President Bush vetoed a bill that would have explicitly prohibited the agency from using interrogation methods like waterboarding.
Waterboarding is a form of torture that consists of immobilizing a person on their back with the head inclined downward (the Trendelenburg position), and pouring water over the face and into the breathing passages. Through forced suffocation and inhalation of water, the subject experiences the process of drowning and is made to believe that death is imminent.
The United Nations' Report of the Committee Against Torture (Thirty-fifth Session of November 2006) stated that state parties should abolish any interrogation techniques, such as waterboarding, that constitutes torture or cruel, inhuman, or degrading treatment or punishment. All nations that are signatory to the United Nations Convention Against Torture have agreed they are subject to the explicit prohibition on torture under any condition.
Moreover,Steven G. Bradbury, acting head of the US Department of Justice (DOJ) Office of Legal Counsel, on February 14, 2008 testified:
“There has been no determination by the Justice Department that the use of waterboarding, under any circumstances, would be lawful under current law.”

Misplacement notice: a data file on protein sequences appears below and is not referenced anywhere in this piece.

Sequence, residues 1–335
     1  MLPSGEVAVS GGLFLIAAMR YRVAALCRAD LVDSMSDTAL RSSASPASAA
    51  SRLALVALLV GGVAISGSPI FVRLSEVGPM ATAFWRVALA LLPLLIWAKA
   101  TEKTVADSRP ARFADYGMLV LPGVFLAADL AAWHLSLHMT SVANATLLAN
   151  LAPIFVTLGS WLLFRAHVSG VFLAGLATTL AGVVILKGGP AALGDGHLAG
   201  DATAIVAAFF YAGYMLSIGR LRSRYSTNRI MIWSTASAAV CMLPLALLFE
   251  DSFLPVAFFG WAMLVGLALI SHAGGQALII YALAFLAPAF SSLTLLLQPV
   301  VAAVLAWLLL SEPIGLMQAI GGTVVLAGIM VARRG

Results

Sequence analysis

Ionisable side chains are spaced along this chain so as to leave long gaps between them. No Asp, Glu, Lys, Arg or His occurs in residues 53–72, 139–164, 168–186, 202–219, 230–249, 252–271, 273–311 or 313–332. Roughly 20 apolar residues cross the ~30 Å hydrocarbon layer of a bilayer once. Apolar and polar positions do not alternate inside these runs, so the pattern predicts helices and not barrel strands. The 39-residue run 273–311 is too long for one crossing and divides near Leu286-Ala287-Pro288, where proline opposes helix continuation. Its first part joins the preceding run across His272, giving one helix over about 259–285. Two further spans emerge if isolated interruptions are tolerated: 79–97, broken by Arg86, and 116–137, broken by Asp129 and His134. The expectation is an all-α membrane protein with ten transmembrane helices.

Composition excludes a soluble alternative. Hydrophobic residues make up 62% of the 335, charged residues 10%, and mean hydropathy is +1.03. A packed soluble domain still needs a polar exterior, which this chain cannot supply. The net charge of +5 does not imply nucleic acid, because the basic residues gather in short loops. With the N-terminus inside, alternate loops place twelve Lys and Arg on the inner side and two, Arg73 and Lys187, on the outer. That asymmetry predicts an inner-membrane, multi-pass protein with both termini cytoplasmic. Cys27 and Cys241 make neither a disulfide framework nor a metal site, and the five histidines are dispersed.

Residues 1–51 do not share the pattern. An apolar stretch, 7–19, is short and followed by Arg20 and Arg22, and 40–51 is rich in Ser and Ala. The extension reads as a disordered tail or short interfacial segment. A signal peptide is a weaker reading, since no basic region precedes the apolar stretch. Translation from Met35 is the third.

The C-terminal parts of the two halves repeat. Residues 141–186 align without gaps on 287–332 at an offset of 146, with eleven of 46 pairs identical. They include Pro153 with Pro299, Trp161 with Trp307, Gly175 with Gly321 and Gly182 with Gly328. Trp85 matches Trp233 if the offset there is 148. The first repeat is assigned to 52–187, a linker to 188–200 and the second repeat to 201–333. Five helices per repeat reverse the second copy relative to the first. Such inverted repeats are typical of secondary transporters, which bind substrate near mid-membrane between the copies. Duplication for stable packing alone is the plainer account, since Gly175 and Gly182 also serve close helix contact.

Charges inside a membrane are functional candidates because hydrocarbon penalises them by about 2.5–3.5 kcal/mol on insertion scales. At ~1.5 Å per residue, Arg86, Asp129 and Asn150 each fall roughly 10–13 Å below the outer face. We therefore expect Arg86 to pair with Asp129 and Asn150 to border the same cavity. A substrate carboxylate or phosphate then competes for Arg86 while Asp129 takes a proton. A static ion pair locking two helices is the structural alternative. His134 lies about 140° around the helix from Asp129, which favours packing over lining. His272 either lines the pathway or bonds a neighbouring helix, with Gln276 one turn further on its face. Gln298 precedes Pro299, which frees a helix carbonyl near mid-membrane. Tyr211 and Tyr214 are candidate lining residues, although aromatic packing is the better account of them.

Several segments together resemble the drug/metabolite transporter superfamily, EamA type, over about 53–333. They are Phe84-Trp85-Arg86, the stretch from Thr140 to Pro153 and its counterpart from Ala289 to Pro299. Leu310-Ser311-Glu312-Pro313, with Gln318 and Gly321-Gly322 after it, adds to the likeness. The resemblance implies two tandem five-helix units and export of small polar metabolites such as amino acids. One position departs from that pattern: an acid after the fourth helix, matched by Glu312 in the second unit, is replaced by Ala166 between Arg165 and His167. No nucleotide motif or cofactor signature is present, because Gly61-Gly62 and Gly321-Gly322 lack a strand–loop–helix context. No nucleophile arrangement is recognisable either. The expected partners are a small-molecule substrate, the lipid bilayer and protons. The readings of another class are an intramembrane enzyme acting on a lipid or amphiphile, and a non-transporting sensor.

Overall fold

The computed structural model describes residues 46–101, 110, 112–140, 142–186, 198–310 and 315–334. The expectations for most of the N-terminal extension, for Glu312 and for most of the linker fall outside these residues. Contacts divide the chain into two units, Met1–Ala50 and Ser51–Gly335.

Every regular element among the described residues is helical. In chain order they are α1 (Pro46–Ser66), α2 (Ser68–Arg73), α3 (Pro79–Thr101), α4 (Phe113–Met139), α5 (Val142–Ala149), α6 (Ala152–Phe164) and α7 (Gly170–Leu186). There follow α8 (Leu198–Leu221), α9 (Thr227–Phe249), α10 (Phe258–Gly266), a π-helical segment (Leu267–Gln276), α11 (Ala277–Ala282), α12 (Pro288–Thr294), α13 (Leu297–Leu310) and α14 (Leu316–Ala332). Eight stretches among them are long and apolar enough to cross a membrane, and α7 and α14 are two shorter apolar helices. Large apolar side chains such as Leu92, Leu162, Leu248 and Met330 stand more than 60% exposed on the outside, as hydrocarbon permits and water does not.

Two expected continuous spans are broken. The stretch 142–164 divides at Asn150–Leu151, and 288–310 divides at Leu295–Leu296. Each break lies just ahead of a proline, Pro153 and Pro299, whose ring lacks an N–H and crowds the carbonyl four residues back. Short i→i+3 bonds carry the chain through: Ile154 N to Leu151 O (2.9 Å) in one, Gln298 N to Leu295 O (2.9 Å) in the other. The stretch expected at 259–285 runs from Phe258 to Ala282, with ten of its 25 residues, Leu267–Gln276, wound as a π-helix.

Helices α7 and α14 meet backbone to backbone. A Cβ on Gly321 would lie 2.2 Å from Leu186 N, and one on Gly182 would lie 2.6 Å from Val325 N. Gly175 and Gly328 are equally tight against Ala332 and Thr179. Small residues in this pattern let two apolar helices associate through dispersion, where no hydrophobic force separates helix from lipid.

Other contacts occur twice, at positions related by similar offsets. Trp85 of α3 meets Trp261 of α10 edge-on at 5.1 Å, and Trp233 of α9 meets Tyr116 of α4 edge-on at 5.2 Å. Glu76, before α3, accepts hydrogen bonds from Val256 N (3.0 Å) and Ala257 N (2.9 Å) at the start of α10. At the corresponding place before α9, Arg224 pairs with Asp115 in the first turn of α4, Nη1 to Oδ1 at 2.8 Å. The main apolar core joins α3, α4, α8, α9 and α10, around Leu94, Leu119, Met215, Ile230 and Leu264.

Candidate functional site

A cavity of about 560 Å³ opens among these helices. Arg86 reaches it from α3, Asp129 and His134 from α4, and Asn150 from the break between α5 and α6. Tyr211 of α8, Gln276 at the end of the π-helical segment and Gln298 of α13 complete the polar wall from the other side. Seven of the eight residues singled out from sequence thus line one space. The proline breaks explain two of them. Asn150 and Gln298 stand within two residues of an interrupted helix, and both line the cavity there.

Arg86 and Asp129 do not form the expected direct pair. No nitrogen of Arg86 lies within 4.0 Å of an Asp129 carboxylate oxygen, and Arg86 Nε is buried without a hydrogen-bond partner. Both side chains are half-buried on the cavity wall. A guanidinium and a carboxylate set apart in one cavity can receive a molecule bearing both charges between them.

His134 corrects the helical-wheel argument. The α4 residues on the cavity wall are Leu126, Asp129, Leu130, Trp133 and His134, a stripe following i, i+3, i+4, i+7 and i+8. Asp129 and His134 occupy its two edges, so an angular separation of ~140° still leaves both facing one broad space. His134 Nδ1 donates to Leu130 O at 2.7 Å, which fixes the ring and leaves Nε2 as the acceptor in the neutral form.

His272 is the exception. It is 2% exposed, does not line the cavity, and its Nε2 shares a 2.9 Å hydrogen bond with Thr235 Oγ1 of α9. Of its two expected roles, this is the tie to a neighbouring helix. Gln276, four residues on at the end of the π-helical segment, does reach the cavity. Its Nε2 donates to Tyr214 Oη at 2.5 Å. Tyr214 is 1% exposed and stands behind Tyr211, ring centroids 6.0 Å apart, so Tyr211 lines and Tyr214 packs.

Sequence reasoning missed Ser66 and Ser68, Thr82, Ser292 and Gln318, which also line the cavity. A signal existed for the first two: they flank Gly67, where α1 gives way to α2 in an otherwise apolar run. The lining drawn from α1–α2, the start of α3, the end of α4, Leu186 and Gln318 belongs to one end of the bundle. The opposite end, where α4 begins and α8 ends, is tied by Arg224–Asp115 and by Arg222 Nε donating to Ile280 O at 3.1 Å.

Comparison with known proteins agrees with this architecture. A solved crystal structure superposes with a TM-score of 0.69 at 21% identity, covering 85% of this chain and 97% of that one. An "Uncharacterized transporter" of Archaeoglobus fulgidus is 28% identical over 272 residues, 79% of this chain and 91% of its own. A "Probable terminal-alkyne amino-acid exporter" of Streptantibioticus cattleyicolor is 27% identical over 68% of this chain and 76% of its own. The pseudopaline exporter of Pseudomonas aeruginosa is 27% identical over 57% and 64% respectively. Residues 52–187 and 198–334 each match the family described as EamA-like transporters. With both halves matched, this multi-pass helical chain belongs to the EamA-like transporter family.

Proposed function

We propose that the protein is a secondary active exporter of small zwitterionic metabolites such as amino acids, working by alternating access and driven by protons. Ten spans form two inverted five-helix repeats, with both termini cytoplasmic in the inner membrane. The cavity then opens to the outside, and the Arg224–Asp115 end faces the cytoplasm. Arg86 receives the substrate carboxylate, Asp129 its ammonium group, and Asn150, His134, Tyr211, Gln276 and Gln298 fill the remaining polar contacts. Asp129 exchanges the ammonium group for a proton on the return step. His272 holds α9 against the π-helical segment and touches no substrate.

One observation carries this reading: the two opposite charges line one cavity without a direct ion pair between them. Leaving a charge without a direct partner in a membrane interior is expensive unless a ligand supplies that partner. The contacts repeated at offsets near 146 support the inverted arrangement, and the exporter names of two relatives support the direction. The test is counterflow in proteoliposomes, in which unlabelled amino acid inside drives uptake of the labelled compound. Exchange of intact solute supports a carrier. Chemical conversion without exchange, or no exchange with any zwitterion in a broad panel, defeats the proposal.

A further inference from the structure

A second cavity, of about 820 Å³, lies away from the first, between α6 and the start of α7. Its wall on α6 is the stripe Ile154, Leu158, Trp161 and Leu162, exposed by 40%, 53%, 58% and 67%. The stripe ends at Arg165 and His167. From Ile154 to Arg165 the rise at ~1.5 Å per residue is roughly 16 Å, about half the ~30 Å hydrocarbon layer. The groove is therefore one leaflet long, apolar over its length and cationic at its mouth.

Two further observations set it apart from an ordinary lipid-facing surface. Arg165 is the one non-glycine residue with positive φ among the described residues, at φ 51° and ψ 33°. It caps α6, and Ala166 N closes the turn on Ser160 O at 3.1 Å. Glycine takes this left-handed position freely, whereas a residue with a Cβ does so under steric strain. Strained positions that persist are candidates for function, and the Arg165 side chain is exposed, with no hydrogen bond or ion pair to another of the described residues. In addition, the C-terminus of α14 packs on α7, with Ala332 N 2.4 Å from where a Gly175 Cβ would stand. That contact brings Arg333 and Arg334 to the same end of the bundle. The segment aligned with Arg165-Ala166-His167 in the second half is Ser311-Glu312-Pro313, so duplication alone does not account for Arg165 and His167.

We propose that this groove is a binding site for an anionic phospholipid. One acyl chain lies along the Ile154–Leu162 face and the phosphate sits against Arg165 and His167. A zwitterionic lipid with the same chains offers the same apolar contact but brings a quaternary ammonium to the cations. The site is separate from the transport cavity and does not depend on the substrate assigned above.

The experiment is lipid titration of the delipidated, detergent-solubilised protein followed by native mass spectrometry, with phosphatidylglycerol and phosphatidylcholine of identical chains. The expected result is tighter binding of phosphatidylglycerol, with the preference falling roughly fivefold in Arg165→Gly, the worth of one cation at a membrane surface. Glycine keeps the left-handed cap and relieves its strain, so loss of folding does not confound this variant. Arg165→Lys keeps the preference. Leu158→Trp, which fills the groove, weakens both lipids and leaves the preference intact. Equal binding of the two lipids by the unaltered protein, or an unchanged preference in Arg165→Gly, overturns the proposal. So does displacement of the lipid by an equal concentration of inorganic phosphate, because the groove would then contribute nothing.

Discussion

Moreover, the Third Geneva Convention and Fourth Geneva Convention agree not to torture protected persons (POWs and enemy civilians) in armed conflicts.
Nonetheless, Senator John McCain, the presumptive Republican presidential nominee, who has been an outspoken opponent of torture, supported the administration’s position, arguing as Mr. Bush did Saturday that the legislation would have limited the C.I.A.’s ability to gather intelligence.
One has to ask again, what give President Bush the right to be above the law?
Doesn’t his action make the
Moreover, through this veto President Bush who said, "We have no higher responsibility than stopping terrorist attacks,” provoked actually terrorists such as Al Qaeda even more. His action proves to Al Qaeda that the
Torture is counterproductive on all fronts